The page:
Monday, June 11th, 2007
Wheat board to ask court for legal opinion on removal of barley monopoly
WINNIPEG (CP) - The Canadian Wheat Board is filing its own court action against the federal government over the removal of the board's monopoly on western barley sales.
In documents filed Monday, the embittered board asked a Federal Court judge to rule on whether Agriculture Minister Chuck Strahl's changes to the way barley is marketed are legal. The legal challenge is about democracy and ensuring the rule of law is followed, said board chairman Ken Ritter.
"You just can't say 'I want to make changes' in a democratic country without following the legal process to get to that point," he told reporters in an afternoon conference call.
"An election platform doesn't become the laws of the country until it's executed in a way that is deemed legal by our democracy."
But Strahl dismissed the challenge as an expensive ploy that will only create uncertainty in a barley market which is on the rise right now.
"I do think it is unfortunate for the farmers who are telling me how eager they are to make money on this," he said in a telephone interview with The Canadian Press.
"We'll have to defend our position, certainly, and we're confident that we've taken the right route."
Ritter said it's hoped the federal government will co-operate and the application will be heard quickly by the court. Strahl agreed that it is in no one's interest to have a process which is drawn out.
The governing Conservatives have been promising since before they were elected in 2006 that they would give western farmers a choice in how they want to market their wheat and barley. Last week, Strahl announced that the board's monopoly on western Canadian barley sales will end Aug. 1.
The government cites a plebiscite held earlier this year in which 62 per cent of the 29,000 farmers who voted were in favour of ending the monopoly.
But wheat board supporters say the question asked of farmers in the vote was misleading. They argue that any changes made to the board must come through Parliament and not by amending regulations at the cabinet level.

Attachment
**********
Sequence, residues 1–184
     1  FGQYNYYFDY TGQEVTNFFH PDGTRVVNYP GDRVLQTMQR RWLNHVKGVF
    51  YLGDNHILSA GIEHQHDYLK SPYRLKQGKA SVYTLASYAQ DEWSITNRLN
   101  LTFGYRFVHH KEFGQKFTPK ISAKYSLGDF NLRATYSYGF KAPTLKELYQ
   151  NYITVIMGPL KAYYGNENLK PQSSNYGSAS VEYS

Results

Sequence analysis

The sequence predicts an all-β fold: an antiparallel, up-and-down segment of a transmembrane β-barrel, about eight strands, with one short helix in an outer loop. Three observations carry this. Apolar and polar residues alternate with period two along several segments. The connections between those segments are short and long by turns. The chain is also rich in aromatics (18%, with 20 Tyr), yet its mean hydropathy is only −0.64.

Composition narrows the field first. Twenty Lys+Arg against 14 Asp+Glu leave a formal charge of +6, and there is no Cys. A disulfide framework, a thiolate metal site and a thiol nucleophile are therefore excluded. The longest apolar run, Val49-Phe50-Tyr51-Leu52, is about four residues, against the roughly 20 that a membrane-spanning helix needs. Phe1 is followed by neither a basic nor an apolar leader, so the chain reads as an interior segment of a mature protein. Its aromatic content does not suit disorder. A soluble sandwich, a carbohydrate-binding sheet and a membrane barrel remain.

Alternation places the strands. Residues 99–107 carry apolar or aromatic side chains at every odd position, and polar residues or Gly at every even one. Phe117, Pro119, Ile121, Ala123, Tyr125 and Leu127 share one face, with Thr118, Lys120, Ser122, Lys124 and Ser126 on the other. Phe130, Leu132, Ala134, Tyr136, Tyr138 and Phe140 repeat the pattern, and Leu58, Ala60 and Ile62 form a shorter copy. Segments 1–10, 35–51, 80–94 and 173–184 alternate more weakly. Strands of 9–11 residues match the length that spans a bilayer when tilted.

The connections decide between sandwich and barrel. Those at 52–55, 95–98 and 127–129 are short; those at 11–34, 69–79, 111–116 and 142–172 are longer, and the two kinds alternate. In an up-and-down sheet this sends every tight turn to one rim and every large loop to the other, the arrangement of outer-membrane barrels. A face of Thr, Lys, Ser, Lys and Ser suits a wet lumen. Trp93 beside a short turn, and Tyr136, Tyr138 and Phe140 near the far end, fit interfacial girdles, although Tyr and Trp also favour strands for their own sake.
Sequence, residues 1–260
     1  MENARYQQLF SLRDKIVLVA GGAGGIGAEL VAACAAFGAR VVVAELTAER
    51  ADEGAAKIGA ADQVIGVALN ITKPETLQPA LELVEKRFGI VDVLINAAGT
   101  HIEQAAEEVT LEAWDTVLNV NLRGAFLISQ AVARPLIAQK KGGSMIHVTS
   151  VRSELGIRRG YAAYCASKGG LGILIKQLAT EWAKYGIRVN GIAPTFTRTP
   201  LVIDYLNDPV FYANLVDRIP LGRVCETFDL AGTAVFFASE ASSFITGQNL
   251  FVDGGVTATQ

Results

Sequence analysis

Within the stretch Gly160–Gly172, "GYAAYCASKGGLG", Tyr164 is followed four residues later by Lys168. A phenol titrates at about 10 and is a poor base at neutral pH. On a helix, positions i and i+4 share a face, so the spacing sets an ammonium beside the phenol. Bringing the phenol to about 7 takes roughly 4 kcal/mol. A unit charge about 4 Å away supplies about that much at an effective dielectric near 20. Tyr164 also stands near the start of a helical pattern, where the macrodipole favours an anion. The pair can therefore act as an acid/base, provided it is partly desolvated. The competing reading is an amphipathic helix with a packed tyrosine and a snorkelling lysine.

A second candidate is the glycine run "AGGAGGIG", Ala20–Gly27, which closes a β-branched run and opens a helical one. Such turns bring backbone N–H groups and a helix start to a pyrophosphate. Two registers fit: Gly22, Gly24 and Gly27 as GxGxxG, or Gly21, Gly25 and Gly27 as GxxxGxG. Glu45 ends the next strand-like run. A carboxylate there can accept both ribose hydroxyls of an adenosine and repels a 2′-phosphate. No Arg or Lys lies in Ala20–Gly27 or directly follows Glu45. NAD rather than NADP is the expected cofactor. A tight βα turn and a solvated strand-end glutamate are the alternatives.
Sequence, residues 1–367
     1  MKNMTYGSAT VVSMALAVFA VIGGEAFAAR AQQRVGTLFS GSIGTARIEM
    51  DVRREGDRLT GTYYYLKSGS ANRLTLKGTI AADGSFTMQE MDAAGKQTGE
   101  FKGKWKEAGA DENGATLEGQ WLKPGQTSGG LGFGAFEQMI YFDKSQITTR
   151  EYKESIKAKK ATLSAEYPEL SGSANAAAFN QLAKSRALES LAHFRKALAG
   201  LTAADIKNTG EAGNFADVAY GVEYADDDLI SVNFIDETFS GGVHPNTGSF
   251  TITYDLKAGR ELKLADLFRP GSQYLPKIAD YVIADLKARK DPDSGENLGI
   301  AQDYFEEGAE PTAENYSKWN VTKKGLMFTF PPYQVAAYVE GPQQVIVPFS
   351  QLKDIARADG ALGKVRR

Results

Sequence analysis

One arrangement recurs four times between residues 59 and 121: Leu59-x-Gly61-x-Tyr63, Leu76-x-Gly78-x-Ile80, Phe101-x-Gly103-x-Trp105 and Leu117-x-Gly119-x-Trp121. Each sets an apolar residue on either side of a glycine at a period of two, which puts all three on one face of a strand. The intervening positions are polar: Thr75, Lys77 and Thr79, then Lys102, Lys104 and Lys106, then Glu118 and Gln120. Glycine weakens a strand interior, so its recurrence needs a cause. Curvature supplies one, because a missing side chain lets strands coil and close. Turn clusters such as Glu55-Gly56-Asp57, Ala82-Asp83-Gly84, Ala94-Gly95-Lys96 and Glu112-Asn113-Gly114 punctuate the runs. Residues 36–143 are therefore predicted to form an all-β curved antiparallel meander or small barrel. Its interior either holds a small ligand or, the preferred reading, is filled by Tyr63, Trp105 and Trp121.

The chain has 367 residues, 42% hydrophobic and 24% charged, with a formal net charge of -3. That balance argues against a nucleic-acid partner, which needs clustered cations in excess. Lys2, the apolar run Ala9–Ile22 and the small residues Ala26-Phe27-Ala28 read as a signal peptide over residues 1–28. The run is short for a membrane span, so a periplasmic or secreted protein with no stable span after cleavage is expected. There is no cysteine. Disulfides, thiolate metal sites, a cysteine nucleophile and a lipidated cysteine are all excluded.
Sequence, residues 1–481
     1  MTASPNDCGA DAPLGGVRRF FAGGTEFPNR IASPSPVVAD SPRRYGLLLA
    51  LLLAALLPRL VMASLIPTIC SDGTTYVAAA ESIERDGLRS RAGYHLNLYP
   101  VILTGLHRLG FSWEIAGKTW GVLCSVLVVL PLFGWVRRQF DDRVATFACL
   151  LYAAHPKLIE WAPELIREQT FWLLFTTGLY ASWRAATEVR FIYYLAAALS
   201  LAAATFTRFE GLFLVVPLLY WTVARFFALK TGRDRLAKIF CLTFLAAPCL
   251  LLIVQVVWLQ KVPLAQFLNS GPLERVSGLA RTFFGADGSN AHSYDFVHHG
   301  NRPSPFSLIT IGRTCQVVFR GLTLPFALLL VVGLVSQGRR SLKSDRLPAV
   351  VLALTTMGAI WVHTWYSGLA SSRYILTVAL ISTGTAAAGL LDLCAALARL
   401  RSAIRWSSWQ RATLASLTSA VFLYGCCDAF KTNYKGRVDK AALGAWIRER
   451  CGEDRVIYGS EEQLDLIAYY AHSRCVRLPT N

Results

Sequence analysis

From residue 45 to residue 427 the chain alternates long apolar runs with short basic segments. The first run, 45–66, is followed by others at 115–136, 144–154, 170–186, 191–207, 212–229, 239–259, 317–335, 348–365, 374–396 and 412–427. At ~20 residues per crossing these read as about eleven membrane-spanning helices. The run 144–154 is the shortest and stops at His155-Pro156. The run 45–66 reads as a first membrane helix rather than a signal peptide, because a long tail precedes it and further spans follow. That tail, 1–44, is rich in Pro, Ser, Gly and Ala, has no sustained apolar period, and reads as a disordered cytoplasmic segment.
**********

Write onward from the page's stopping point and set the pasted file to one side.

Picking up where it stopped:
Ritter said the decision to proceed with legal action was not unanimous, but was the wish of a majority of the board's directors.
Strahl added that the monopoly will be removed Aug. 1 regardless of the board's legal challenge.
"She's full speed ahead," Strahl said. "Farmers have already changed how they've been planting and what they've been planting in accordance with these regulations."
The wheat board's legal action is separate from a lawsuit filed against Ottawa by a dozen barley producers who call themselves the Friends of the Canadian Wheat Board.
That lawsuit is being supported with $20,000 from the Manitoba NDP government and $30,000 from the NDP government in Saskatchewan.
It's outrageous that the board, whose job it is to pay returns to farmers, would use its own money to initiate a legal process which runs parallel to a suit already filed by private citizens, said Blair Rutter, executive director of the Western Canadian Wheat Growers Association, which supports the board's monopoly being removed.
"We don't understand why the wheat board would spend farmers' money launching this legal challenge when there is already one out there," Rutter said.
"That's the real concern here. They are spending farmers' money - our members' money - pursuing a court challenge that we disagree with."
But lawyer Anders Bruun, who acts on behalf of the Friends of the Wheat Board, said the two cases will likely be merged at some point.
"Certainly the court doesn't like to have two similar cases out there where you might get different results from different judges," said Bruun.
"I think it helps. You have two different teams and two different approaches coming at the same problem and that increases the likelihood that you will come up with a successful solution."
- By Tim Cook in Regina